Civilization: Beyond Earth Hands


We play through the first 100 turns of Firaxis' next Civ game

We're still a couple months away from the retail release of Civilization: Beyond Earth (C:BE), but publisher 2K Games couldn't hold back the horde any longer. We've been eager to try it out because it's Civ, but also because it's a spiritual sequel to Alpha Centauri, which itself dealt with a nagging question from earlier entries in the series: What happens when you win the game by launching an interstellar ship into space? Where do those people go? At first glance, C:BE looks like a sci-fi Civilization V with an exotic color palette, but a number of new layers unfolded during our time with it.


Most Civ games begin with selecting your starting conditions (unless you like to live on the edge and randomize all your choices). Your options include the usual things like world size, continent shape, and faction leader characteristics. In the build that we played, we could choose from three randomly generated planets. We could also let the game randomly choose one of those three for us, or we could tell C:BE to roll the dice and generate three new worlds. If that's not your cup of tea, we could also go to the 'Advanced Worlds' menu and choose from about ten worlds with scripted conditions. 82 Eridani e, for example, has no oceans and little water. Or we could choose Archipelago, which was basically the opposite. Eta Vulpeculae b, meanwhile, has one large continent and an abundance of resources and wildlife.



Six of the worlds that are accessible from this menu come from the Exoplanets Map Pack, which you get by pre-ordering the game before October 24th. Each of these planets will randomize its geography each time you play, leading to an additional layer of replayability. We were not able to dig up a menu that allowed us to fine-tune specific map or gameplay attributes (such as disabling neutral factions or hostile wildlife), but this was not a final build.


Then you can also choose to begin the game with a soldier or worker unit, instead of an explorer. Or you could have a clinic installed in your first city automatically. This building improves the city health stat, which indicates population growth and the happiness of your citizens. You will also choose what ship type you want to use to arrive on the planet. This determines bonuses like starting with 100 energy (the currency of C:BE); the initial visibility of coast lines, alien nests, certain resources; and the size of the fog of war around your first city.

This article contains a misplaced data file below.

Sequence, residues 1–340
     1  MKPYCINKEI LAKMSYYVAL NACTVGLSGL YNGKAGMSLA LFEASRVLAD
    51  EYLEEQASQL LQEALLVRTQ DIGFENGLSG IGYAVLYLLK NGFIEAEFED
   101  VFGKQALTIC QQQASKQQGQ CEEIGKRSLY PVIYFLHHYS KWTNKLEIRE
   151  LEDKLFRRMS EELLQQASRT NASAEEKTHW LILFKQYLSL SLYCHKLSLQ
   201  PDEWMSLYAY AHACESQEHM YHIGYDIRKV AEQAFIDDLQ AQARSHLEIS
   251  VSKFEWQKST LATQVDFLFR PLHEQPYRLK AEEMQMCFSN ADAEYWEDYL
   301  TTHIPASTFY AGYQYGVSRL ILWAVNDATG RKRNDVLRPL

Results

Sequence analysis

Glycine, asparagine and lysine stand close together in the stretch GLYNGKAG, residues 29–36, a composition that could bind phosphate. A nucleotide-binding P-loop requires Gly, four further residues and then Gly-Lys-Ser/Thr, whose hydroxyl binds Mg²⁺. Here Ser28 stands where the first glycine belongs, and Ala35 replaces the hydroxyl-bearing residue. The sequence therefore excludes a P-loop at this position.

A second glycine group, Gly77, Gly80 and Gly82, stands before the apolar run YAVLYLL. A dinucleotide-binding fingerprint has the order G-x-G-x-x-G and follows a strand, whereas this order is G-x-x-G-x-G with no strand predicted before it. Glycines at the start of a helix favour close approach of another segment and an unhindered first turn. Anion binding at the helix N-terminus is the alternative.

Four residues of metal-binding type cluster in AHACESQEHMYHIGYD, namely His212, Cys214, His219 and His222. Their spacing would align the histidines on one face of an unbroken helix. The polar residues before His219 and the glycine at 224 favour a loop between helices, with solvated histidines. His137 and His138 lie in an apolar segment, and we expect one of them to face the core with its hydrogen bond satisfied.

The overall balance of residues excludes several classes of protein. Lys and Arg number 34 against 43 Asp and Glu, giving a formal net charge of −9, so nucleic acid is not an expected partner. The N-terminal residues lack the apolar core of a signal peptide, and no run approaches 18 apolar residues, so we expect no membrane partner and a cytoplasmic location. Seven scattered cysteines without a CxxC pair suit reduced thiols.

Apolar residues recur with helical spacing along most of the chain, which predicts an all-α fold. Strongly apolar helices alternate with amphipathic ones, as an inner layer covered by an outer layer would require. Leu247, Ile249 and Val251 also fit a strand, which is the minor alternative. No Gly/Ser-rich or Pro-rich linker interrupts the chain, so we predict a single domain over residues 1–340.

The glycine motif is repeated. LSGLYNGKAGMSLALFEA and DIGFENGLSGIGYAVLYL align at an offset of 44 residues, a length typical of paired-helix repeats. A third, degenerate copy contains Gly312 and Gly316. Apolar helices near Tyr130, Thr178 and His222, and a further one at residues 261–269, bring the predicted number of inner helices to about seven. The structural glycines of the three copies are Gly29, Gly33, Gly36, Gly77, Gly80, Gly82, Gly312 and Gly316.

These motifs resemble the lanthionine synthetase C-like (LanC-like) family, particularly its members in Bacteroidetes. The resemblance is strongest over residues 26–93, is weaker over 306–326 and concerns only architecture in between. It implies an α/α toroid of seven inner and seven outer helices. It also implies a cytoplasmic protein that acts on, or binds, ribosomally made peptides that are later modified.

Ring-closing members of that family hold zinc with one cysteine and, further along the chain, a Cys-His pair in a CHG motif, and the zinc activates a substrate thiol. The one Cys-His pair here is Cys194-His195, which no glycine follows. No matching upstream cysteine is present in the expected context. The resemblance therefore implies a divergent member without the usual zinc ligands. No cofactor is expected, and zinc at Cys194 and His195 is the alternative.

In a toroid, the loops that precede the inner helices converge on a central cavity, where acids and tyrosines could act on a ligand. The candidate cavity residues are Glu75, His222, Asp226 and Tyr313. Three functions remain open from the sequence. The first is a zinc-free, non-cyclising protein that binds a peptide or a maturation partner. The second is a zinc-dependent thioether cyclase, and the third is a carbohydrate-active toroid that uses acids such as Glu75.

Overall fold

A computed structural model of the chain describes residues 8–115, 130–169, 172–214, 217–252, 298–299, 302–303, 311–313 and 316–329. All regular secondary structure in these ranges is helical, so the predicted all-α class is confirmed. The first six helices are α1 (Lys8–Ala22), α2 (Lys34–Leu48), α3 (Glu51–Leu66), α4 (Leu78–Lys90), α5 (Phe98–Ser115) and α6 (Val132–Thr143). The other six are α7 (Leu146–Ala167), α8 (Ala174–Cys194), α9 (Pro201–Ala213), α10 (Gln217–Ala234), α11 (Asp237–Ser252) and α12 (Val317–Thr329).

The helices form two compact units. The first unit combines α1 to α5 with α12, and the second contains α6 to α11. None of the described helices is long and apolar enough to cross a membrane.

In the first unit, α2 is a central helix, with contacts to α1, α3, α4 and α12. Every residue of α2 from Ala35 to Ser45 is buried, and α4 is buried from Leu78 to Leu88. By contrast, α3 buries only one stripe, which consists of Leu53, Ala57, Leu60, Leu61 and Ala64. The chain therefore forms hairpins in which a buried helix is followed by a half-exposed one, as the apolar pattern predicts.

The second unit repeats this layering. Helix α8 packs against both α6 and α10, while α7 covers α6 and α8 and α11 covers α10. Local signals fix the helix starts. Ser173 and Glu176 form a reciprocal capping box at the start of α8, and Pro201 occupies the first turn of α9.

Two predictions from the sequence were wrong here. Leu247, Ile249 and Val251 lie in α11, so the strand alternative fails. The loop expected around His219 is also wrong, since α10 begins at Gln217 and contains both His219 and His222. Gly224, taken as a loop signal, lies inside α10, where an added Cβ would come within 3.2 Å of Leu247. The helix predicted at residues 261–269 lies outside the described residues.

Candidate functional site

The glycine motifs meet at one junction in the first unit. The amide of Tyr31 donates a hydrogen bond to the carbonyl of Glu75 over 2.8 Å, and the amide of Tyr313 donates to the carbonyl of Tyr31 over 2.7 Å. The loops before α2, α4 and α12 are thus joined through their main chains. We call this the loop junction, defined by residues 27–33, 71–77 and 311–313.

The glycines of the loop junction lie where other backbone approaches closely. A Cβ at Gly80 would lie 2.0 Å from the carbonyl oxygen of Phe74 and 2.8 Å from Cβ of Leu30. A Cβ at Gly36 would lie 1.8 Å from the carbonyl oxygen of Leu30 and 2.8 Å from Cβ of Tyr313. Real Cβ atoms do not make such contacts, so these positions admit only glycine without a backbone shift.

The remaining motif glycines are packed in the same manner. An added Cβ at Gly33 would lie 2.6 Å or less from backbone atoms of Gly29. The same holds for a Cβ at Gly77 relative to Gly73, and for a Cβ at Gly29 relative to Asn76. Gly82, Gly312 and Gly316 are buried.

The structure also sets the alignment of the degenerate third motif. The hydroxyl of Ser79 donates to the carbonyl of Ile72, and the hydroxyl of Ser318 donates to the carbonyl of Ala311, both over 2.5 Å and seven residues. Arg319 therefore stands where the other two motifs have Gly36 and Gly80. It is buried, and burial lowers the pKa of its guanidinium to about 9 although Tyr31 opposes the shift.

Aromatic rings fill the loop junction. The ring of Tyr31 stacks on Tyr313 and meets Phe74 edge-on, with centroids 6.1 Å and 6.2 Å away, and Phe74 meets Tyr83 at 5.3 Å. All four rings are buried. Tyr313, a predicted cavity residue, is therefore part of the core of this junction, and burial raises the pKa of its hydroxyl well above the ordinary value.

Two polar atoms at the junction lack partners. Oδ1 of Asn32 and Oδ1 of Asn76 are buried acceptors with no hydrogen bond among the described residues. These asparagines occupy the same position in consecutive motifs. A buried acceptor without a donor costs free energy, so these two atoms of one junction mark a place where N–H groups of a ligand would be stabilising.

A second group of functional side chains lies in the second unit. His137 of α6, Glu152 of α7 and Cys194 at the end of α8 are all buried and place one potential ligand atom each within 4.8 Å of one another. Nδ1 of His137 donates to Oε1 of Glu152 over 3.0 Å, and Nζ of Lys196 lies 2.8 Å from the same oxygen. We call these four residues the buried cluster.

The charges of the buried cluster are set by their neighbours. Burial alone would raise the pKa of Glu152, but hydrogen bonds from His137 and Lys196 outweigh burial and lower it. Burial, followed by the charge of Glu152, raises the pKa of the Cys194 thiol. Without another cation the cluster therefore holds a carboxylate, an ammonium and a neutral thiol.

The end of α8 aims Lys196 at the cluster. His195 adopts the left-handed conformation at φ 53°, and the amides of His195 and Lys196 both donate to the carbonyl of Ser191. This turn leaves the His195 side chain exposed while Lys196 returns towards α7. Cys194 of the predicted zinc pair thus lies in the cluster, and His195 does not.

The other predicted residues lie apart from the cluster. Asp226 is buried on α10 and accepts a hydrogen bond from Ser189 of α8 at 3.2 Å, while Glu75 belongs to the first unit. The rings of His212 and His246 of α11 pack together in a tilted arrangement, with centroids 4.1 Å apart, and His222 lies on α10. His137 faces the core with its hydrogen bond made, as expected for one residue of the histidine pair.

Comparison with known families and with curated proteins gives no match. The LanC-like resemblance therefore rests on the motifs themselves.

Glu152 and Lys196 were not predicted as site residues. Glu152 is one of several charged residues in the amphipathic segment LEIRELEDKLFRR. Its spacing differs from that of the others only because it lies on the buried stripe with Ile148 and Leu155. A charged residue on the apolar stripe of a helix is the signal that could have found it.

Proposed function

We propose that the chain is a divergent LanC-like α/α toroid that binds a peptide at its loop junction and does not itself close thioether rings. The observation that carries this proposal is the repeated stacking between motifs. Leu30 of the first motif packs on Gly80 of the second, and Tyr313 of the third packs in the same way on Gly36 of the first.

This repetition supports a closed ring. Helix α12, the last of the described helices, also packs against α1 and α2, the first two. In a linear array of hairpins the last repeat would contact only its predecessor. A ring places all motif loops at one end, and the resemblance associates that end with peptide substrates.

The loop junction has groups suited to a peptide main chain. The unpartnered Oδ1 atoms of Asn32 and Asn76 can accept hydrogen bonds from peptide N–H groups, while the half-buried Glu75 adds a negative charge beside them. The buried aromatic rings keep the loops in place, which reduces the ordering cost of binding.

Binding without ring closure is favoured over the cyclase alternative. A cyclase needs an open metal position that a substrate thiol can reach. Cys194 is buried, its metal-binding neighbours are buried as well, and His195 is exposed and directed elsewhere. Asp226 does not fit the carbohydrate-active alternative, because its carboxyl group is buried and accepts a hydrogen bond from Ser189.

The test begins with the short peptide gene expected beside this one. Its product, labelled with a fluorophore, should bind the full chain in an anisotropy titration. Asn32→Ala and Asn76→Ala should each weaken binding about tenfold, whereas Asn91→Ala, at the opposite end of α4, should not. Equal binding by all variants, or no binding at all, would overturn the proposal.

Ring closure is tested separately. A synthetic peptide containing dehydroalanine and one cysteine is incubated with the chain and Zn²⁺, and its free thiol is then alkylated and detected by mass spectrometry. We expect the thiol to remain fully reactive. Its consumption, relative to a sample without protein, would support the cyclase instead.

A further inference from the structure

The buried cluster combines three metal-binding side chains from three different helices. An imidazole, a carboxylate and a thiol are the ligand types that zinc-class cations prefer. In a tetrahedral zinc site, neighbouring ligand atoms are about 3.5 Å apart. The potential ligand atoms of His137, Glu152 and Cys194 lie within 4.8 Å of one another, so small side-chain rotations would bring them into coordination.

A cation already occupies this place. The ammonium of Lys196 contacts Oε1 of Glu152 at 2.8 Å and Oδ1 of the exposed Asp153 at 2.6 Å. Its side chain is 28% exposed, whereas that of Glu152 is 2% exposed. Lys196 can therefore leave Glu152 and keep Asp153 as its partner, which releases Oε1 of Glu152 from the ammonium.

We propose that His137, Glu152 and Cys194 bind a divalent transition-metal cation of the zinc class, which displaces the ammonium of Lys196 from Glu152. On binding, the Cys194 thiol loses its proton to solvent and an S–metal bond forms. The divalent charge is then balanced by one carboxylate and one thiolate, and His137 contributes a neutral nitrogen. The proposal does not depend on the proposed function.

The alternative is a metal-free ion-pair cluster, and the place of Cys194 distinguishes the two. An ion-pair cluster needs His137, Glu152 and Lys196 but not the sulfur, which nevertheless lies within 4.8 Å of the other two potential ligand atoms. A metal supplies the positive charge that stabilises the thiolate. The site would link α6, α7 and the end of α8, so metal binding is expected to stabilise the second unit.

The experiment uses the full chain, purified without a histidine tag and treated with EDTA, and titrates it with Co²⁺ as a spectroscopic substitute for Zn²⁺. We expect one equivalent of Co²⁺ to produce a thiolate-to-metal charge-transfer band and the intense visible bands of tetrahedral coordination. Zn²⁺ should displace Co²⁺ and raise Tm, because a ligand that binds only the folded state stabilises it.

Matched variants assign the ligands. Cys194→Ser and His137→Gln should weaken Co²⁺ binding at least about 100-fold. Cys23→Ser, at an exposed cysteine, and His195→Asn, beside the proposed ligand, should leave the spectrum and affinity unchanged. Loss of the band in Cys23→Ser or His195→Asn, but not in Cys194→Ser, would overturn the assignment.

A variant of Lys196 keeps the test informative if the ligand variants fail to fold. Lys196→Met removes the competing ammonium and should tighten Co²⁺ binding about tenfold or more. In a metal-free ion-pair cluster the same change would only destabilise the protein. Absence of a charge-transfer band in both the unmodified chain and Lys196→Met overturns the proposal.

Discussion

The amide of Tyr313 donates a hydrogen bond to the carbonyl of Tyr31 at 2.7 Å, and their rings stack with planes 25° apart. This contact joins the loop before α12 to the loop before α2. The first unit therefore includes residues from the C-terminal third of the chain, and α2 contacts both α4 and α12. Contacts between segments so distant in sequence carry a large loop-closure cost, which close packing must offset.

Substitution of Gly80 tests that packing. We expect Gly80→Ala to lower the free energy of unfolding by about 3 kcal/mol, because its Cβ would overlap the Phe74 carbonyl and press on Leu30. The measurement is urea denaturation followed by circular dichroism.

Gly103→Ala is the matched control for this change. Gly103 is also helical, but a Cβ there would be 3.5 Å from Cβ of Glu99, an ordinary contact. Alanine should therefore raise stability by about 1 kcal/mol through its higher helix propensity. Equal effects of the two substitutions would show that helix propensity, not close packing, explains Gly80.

Then you choose your colonist type. For example, the Refugee type adds +2 food to every city, which promotes growth. Engineers give you +2 production in every city, which decreases the time it takes to construct buildings. Scientists, unsurprisingly, give you +2 science in every city, which increases the speed at which you research new technology. Lastly, you designate your sponsor, which determines who your faction leader is. There are no historical leaders this time, like George Washington or Ghandi. This new gang consists of fictional characters set in a speculative future. We had eight sponsors to choose from. Going with the African Union grants us +10% food in growing cities when their Health rating is 1 or greater. With the Pan-Asian Cooperative, you get a 10% production bonus for Wonders, and 25% faster workers.


So after agonizing over all of those branching decisions, you can finally drop into the game. If you're familiar with the last couple Civ games, the interface should be pretty familiar. Your resources appear in the upper right-hand corner, with positive and negative numbers indicating gains or losses per turn. Hovering the cursor over each one gives you a detailed breakdown of where the resources are coming from, and how they're being consumed. Your lower right-hand corner is for notifications and to run through your list of available actions The lower left-hand shows you your selected unit (if any) and its abilities.


Page 2: Exploration, affinities, and virtues

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